Story posted August 31, 2004
Somewhere in the universe, two black holes are orbiting each other. In their cosmic binary dance, scientists believe they emit gravitational radiation - small waves, or ripples, that travel through the fabric of space and time.
Due to the emission of gravitational radiation, the orbit of the dark stars becomes smaller until they eventually collide and merge.
Waves of gravitational radiation expand throughout the universe. What happens inside the imploded binary no one knows: the gravitational fields within black holes are so strong not even light can escape. But that doesn't stop Thomas Baumgarte from trying to get a peek. Relatively speaking.
The Bowdoin College assistant professor of physics and astronomy is one of the nation's leading numerical relativists - a small group of theoretical astrophysicists trying to solve Einstein's theory of general relativity on the computer. Armed with supercomputers (one at Bowdoin), a National Science Foundation grant and a Guggenheim Fellowship, Baumgarte is attempting to mathematically model violent cosmic events, such as colliding black holes, to predict the gravitational waves they would emit.
This information is critical to the international bank of scientists and engineers intent on detecting, analyzing, and ultimately verifying the existence of gravitational waves, and thus proving Einstein's theory of general relativity - a universal theory of gravity.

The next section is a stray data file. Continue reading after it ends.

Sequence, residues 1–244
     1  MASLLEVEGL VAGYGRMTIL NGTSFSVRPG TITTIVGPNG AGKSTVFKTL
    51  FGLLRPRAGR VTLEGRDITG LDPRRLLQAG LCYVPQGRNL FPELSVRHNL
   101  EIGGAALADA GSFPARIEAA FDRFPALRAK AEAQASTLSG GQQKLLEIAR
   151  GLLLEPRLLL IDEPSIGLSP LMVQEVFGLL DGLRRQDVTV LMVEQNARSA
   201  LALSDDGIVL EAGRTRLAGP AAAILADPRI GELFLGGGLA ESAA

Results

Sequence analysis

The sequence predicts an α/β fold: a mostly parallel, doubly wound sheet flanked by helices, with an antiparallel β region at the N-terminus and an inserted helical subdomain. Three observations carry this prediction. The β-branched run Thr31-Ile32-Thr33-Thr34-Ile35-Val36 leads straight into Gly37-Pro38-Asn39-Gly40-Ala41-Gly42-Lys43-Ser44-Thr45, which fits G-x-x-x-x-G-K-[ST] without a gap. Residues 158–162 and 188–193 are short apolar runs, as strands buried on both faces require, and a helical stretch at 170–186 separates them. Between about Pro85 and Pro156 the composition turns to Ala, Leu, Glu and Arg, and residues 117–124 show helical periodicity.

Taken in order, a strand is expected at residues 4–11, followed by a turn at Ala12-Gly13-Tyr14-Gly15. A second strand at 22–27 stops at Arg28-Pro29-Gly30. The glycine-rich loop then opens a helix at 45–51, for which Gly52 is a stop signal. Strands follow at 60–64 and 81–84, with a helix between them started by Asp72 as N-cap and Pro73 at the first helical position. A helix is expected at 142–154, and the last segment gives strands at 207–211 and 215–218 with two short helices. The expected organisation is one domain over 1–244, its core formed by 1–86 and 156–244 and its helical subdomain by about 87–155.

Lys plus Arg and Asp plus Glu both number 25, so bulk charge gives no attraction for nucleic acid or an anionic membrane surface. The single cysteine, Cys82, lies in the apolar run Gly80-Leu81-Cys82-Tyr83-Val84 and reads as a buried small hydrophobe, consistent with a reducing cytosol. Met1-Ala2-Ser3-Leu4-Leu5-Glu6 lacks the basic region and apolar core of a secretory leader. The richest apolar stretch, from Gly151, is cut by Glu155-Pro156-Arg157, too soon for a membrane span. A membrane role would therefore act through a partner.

"The problem with gravitational radiation is that the wave signals are very difficult to detect," says Baumgarte. "They're extremely small, which is why we haven't yet 'seen' them directly. Very elaborate techniques are being developed to figure out how you can identify an astrophysical signal - which is where my work comes in. If you know what you're looking for, you'll have a better chance of finding it."
While Einstein predicted the existence of gravitational waves as early as 1915, it took recent advances in laser technology to make it possible to build apparatus for detecting them.
Two Laser Interferometer Gravitational Wave Observatories (LIGO) recently were completed in the U.S. - one in Hanford, Washington, and another in Livingston, Louisiana. Each observatory has two L-shaped antennae, or tubes, through which laser beams are reflected back and forth. "You shoot laser beams up and down these L-shaped antennae and you measure how long it takes the laser beam to complete a return trip," says Baumgarte. "That way, you can measure very small distortions in the length of the antenna. If a gravitational wave comes through then it will distort the length of the arms."
And how big might that distortion be? "The amount will be less than the nucleus of a hydrogen atom," says Baumgarte, grinning.
In order to read a faint signal from an event millions of light years away, LIGO's antennae are highly sensitive, which makes them prone to earthly noise interference. "There is noise from small earthquakes, traffic, even waves on a coast that is 200 miles away," says Baumgarte. "You're trying to look in this noise for something that represents a tiny astrophysical signal."